In the tasting room, we typically will pour at least a couple of our earlier vintages along with a few of the newest releases. We currently distribute virtually none of our wines, and as such we still have some 2010 and 2011 blends. While I would prefer that not be the case, and I know that the inventory, over time, will continue to tighten up, I’ve begun to really appreciate being able to share wines that have been laid down for a few years with visitors to the tasting room.
At the Jussila dinner table it’s more typical that I’ll be pouring a red with perhaps 5 – 10 years of age on it, yet I still feel this need to pour wines that are the latest releases in the tasting room. Consumers have been well trained over the last couple of decades to buy that which is the newest. Reviewers of wine generally dictate the most recent vintages to review. Distributors only want to sell the latest wines. So, the consumer dutifully consumes wines that are tight, too tannic, or just not yet properly integrated. They’re missing out on the experience of savoring a wine that has aged for a few to several years. It’s these experiences that really got me excited about wine and winemaking a quarter century ago.
Last night I opened a bottle of 2005 Château Kirwan to pair with a beef brisket from our neighbors at Adelaida Springs Ranch that Paula slow cooked with onions, carrots, and mushrooms. The meal was spectacular! This wine is eleven years old, and probably could use another five years in the bottle (Luckily I have several left!). But with 11 years of age, the tannins were now quite approachable. The tenderness of the meat with a touch of marbled fat balanced beautifully with the big tannins, dark fruit, and dense mouthfeel of the Kirwan. I wouldn’t have had as enjoyable an experience if I had opened the wine after only 3 – 4 years.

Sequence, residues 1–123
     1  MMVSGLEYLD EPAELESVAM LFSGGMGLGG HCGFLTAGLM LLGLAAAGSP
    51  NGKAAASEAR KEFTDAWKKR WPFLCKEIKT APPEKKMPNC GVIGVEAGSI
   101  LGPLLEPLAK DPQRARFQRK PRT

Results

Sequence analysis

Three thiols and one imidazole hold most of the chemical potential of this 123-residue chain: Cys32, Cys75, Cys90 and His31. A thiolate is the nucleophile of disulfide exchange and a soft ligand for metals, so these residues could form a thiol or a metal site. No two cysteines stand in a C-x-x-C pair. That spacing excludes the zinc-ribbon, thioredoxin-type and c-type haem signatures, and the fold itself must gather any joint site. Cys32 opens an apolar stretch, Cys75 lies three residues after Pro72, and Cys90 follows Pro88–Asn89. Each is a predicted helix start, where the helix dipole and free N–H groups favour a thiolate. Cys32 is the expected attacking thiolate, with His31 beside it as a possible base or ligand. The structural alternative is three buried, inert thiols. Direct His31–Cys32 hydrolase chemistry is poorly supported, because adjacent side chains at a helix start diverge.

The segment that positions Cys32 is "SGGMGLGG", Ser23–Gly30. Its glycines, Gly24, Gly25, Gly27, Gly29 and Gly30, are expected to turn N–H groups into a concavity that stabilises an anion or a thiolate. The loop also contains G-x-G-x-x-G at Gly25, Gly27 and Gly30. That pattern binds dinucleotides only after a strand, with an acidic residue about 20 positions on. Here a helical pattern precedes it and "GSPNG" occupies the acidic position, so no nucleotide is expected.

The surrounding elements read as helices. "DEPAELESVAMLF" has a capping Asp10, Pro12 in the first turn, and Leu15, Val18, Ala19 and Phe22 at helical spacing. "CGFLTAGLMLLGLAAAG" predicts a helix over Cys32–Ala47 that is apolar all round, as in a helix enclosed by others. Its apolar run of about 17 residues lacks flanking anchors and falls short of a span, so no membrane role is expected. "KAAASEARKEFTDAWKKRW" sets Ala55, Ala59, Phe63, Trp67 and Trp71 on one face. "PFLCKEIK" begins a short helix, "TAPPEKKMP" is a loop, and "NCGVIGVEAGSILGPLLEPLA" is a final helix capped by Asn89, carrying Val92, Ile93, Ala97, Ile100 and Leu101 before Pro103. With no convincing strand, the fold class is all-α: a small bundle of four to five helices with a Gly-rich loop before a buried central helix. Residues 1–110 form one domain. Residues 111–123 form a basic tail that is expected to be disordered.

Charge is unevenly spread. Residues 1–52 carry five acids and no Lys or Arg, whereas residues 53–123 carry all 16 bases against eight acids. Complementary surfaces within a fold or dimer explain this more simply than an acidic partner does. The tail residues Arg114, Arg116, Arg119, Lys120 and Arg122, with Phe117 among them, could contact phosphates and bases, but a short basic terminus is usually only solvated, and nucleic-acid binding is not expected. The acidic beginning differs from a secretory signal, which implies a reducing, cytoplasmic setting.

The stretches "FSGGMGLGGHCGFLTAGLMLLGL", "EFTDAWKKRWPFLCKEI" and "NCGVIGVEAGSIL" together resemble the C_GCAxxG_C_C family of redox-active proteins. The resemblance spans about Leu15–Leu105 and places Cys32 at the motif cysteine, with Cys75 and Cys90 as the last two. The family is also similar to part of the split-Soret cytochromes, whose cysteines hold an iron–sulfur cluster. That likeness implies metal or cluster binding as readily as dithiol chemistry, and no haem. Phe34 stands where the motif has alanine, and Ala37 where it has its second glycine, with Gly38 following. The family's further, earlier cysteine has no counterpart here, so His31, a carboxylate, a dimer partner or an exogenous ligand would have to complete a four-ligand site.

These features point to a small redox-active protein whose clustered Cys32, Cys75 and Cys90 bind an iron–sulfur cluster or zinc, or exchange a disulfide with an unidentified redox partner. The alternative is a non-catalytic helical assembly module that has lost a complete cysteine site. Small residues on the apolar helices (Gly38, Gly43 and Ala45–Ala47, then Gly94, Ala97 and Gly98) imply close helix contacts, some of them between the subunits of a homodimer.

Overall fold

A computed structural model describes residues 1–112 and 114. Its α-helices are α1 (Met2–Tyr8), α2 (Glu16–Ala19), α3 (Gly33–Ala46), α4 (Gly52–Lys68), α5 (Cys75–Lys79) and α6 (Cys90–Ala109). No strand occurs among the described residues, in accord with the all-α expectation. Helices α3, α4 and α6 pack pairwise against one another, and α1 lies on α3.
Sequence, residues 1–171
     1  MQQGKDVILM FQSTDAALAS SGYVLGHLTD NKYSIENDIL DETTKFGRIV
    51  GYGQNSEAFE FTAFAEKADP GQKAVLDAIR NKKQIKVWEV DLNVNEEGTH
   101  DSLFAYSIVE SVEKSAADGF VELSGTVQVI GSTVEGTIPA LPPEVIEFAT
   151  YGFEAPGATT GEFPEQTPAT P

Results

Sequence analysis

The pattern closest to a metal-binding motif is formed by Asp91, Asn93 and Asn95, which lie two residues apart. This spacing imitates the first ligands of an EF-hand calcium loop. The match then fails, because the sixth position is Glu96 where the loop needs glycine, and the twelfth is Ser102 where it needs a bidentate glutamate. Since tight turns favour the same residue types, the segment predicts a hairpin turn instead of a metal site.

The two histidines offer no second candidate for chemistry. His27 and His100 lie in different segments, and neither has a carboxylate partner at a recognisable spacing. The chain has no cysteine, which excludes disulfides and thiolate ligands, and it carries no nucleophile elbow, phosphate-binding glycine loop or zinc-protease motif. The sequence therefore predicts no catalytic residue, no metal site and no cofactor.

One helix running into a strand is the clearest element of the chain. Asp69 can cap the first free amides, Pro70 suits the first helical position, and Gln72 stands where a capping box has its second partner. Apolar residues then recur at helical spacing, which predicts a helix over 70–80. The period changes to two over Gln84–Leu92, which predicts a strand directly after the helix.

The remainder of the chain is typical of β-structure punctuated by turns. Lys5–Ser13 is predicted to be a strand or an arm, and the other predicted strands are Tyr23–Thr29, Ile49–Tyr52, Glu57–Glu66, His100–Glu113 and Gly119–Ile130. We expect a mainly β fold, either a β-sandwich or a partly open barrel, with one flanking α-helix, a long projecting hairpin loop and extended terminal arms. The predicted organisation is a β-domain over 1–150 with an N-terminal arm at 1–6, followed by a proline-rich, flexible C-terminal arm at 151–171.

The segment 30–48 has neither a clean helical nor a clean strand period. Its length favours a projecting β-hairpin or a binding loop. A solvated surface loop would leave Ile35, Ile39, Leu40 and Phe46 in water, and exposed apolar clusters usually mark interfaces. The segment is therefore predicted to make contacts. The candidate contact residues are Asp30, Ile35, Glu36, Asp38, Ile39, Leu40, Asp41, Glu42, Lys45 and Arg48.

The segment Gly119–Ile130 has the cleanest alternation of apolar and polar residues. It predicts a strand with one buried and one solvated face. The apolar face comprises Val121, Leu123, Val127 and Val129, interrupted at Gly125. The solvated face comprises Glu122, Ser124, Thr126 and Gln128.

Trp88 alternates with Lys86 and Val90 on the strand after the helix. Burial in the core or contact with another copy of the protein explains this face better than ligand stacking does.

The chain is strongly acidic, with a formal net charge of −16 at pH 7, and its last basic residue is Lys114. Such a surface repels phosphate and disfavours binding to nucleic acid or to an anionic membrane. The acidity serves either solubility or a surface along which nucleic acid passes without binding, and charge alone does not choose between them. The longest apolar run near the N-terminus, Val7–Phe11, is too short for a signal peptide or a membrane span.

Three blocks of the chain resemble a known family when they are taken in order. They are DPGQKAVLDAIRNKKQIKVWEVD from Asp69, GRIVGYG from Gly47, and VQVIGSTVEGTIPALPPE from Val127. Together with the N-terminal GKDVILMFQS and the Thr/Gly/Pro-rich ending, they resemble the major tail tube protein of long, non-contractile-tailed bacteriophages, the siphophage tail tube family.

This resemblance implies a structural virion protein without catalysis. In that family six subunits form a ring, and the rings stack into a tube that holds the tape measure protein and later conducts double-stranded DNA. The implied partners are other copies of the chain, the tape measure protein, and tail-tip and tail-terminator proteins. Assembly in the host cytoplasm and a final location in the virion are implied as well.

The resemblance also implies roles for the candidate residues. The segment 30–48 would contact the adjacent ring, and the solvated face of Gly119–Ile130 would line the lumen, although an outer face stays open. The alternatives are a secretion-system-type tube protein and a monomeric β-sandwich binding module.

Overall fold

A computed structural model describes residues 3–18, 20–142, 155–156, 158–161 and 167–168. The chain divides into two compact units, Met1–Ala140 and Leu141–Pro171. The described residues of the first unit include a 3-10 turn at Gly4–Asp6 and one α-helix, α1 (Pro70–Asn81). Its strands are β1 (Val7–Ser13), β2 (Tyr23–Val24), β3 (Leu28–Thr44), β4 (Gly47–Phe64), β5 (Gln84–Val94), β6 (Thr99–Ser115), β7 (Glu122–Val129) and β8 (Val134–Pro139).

Bordeaux wines quite typically need to be aged longer than wines from the Paso AVA, but kukkula’s biggest blends like sisu, pas de deux, and noir really should have at least 3 – 5 years of age to be properly experienced. They would likely be in their prime starting around 5 – 7 years from now, and could probably enjoy at least a decade of cellaring.
I know that many people don’t have the ability to cellar a lot of wine. I also hear from a lot of my Gen X buyers that they really want to consume wines more immediately, partly because they don’t store wines, and partly because they just like the immediacy of the experience. So, I guess I should feel good about having the older vintages, since it allows me to put the brakes on and not release my wines too early.
For our club members, you’ve already received my email laying out the spring release wines. I think you’ll really enjoy the ’10 and ’11 sisu and pas de deux. I know I am! For those of you who are not members, you won’t be able to get the ’14 Aatto at this point, but you can buy the others when you visit. Or, you could order some from our website at www.kukkulawine.com.…. orbetter yet, you could become a member and have no restrictions on purchasing the wines we produce!